NZR LA class

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NZR LA Class
Opening of the Midland Railway, Stillwater junction, 1889.jpg
New Zealand Midland Railway Co. NO 3 (NZR LA 312) at Stillwater Junction during the opening of the Midland Railway between Greymouth and Stillwater, 1889.
Type and origin
Power type Steam
Builder Nasmyth, Wilson & Co.
Serial number 311–312, 315, 322–323
Build date 1887
Total produced 5
Specifications
Configuration:
 • Whyte 4-4-0T; later 4-4-2T
Gauge 3 ft 6 in (1,067 mm)
Driver dia. 45 in (1.143 m)
Length 26 ft 2 in (7.98 m)
Adhesive weight 19.2 long tons (19.5 tonnes; 21.5 short tons)
Loco weight 26.6 long tons (27.0 t; 29.8 short tons)
Firebox:
 • Firegrate area
9.8 sq ft (0.91 m2)
Boiler pressure 140 lbf/in2 (965 kPa)
Heating surface 506 sq ft (47.0 m2)
Cylinders Two, outside
Cylinder size 12 in × 18 in (305 mm × 457 mm)
Performance figures
Tractive effort 6,450 lbf (28.7 kN)
Career
Numbers NZMRC 1–5
NZR 310–314
Retired 1924–1926

The NZR LA class was a class of 4-4-0T steam locomotives used by the New Zealand Railways Department and the New Zealand Midland Railway Company. They were built by Nasmyth, Wilson and Company in 1887 for New Zealand Midland Railway Company, and were taken over by NZR in 1900, when the government acquired the incomplete Midland line. The designation also applies to the NZR 4-4-0T rebuilds of the Avonside L class of 1875 which were later reclassified LB after being rebuilt as 4-4-2Ts.

The Midland LA class[edit]

The New Zealand Midland Railway Company ordered five 4-4-0T tank locomotives from Nasmyth Wilson in 1887 for use on their planned railway between Nelson, Greymouth and Christchurch. These locomotives were built to a standard Nasmyth Wilson design for export, and had double-skinned cab roofs for work in tropical climates. The first three locomotives were named Reefton, Christchurch and Nelson on entry into service; the other two locomotives never carried names.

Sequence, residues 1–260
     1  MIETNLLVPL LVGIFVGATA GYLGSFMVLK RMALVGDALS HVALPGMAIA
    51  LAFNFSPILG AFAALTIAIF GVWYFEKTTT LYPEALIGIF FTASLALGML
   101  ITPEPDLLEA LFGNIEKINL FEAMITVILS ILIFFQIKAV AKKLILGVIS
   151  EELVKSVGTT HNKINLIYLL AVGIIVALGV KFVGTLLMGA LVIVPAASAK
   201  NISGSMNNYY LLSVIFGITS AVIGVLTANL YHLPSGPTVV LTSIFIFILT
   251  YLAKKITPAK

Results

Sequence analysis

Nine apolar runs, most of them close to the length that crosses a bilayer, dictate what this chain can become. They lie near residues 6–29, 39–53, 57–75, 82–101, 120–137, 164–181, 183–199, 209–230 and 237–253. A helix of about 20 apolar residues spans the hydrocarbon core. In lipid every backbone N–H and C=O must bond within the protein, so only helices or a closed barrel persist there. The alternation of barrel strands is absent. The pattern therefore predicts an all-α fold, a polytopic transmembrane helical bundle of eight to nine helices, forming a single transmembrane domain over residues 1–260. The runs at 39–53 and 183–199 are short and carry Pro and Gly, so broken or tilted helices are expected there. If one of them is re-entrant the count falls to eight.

The locomotives, numbered as NZMRC NO's 1-5, were responsible for running all trains over the Midland Railway between Reefton, Stillwater and Lake Brunner, as well as running NZMRC trains over the NZR line between Stillwater and Greymouth. Following the failure of the NZMRC and its takeover by the NZR, the locomotives were renumbered as LA 310-315. Now based at Greymouth, the engines remained in service until the first withdrawal began in 1920.

Withdrawal[edit]

The first Midland LA to be withdrawn was LA 311 (formerly NZMRC NO 2) in March 1920. The remaining locomotives were withdrawn between 1924 and 1928. Two of the withdrawn locomotives were sold for industrial service; LA 311 was sold to the Auckland Farmers Freezing Company in 1920 and worked as a shunting locomotive at their Moerewa works between 1920 and 1934, while LA 314 was sold to the New Forest Sawmilling Company at Ngahere where it worked as the mill's 'yard engine' transferring wagons between the NZR station and the sawmill between 1926 and 1950.

The remaining locomotives, LA's 310, 312 and 313, were written off but not scrapped. Instead, at least one, LA 312, was dumped at the Omoto locomotive dump in 1929. The remains of LA 312 were salvaged for preservation in 2006 and are now in storage pending restoration to working order.

The NZR rebuilds[edit]

In 1893-94, NZR decided to rebuild three Avonside L class 2-4-0T tank locomotives as 4-4-0T tank locomotives. The conversion, classified by the NZR as the LA class, did not address the limited fuel capacity, and all further rebuilds were rebuilt as 4-4-2Ts.

External links[edit]